“The Mayans equated an eclipse with ‘the moon, the ruler of the night … telling lies about the sun about evil things’ that humans do. In the Hindu culture,” we are told, “humans ‘make noise’ in an attempt to bring back the sun, and to ‘preserve the cosmic order.’”

In her article in the Atlanta Journal-Constitution, Fiza Pirani actually offered five different religious explanations that have been offered for eclipses in times past. One of them is that,

“Sun-eating demons make the sky go dark.”

As Pirani writes,

“According to a variety of astronomers and historians, including Edwin Krupp of the Griffith Observatory in Los Angeles, California, ancient cultures around the globe often blamed sun-swallowing beasts for the abandoning sun.”

“The ancient Chinese,” we are told, “apparently believed an evil dragon living among the stars devoured the sun and, according to Noel Wanner,” she writes, “producer and director of NASA-funded Ancient Observatories, they would create a big, noisy commotion during an eclipse to scare the dragon demon away.”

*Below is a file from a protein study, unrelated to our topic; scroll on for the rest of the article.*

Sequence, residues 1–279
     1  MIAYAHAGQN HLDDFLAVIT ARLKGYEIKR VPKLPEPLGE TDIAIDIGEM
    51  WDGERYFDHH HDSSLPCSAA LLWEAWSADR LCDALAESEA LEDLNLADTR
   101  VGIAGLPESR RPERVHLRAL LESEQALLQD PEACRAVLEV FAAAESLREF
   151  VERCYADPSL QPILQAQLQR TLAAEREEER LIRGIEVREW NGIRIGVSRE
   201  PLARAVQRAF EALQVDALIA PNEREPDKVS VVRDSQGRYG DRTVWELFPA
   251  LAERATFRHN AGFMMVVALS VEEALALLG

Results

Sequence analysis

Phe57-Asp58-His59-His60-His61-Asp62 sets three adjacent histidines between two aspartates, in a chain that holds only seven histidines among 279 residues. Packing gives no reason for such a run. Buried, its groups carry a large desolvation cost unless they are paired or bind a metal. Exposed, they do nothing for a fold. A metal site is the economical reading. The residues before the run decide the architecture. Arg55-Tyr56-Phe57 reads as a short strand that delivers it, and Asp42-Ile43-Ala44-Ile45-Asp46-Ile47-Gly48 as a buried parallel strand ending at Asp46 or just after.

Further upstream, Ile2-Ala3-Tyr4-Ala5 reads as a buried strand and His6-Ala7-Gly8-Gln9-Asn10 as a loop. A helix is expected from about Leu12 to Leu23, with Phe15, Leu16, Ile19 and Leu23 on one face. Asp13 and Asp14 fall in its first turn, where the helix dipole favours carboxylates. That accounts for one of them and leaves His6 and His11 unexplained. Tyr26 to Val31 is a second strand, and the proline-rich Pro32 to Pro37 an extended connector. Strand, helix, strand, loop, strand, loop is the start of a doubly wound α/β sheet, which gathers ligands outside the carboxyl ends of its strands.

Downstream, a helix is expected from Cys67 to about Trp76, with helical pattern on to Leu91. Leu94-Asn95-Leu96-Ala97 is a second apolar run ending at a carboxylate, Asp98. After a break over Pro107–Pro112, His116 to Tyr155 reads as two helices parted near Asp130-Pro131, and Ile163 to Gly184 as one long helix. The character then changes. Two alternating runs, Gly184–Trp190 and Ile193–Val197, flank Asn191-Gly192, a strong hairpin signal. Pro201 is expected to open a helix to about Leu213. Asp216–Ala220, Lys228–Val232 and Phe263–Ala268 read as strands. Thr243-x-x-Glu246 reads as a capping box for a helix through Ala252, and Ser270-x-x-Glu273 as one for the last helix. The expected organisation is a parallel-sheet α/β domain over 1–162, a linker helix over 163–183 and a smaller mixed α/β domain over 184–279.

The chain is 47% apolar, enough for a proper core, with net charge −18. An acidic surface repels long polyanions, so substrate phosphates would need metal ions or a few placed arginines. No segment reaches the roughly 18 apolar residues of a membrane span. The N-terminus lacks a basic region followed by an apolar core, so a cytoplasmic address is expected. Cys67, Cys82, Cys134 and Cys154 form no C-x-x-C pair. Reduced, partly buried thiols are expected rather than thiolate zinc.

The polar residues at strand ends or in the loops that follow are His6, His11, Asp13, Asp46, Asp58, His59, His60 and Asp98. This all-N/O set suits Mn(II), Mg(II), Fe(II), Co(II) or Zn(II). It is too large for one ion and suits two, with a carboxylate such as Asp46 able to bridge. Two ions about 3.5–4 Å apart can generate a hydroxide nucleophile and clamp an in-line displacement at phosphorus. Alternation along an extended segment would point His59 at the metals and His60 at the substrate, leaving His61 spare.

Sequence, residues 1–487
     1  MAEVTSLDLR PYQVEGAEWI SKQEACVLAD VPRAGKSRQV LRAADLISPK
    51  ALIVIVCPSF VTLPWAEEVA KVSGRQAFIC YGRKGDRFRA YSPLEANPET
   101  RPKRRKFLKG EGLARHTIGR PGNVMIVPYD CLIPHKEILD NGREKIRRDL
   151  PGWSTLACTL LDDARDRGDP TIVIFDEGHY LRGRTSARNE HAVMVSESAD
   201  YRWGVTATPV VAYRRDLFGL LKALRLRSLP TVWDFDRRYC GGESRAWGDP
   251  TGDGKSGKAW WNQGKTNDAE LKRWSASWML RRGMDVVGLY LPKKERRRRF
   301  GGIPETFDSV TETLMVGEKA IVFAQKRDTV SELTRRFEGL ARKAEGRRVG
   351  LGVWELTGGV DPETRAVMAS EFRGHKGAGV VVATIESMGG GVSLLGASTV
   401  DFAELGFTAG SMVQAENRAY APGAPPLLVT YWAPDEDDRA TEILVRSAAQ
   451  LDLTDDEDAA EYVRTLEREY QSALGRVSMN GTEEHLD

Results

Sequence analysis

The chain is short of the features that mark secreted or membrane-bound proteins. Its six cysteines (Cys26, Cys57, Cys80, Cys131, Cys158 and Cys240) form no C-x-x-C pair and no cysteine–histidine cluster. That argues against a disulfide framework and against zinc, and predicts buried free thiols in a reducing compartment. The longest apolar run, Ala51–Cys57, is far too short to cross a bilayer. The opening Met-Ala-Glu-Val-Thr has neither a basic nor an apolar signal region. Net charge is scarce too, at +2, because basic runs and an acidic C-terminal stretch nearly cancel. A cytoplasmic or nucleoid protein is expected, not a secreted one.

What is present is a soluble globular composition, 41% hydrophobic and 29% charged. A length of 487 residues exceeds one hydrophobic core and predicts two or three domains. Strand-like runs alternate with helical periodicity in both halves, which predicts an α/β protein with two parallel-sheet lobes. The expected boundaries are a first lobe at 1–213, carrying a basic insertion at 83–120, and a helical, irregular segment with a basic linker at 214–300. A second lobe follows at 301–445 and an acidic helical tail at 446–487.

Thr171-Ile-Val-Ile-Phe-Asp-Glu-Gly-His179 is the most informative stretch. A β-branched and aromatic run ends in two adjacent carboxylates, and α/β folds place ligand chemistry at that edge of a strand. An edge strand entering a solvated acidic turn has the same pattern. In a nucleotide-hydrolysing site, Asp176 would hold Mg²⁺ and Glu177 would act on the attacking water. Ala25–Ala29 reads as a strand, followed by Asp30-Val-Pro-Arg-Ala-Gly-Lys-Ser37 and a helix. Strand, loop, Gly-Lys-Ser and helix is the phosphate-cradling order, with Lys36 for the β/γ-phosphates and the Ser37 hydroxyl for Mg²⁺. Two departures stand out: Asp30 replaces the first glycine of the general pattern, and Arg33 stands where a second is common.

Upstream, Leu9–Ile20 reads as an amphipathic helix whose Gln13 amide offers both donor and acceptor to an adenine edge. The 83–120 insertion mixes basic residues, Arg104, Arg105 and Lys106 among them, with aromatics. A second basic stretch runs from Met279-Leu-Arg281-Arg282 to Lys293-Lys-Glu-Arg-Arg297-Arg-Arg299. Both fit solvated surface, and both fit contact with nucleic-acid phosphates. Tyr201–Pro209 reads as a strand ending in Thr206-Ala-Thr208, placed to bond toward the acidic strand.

Secondly, the reporter tells us that there were references in India to a Hindu deity — in this case a Hindu demon named Raul, who took revenge on the sun and the moon. It’s explained,

“Seeking immortality, the Hindu demon Rahu, stole a magic potion disguised as a god. As described in ancient Indian mythology, both the sun and moon watch the crime unfold and warn the god Vishnu.”

Third, the reporter tells us,

“Mythical thieving dogs are the culprits.”

This as believed by the Vikings, who believe that a wolf,

“named ‘Skoll’ temporarily stole the sun, causing the eclipse.”

Fourth, we are told that some believe that eclipses happen when the sun and the moon are fighting. Actually several different ancient cultures believed in this kind of cosmic battle that was ongoing and the disappearance of the sun in the middle of the day was the belief of some that the moon had at least temporarily triumphed over the sun. Both of them being supernaturalized and in some cases recognized as rival, competitive deities.

Similarly, Jonah Engel Bromwich writing for the New York Times tells us citing Dr. David Dearbornan astrophysicist at Lawrence Livermore National Laboratory in Livermore, California,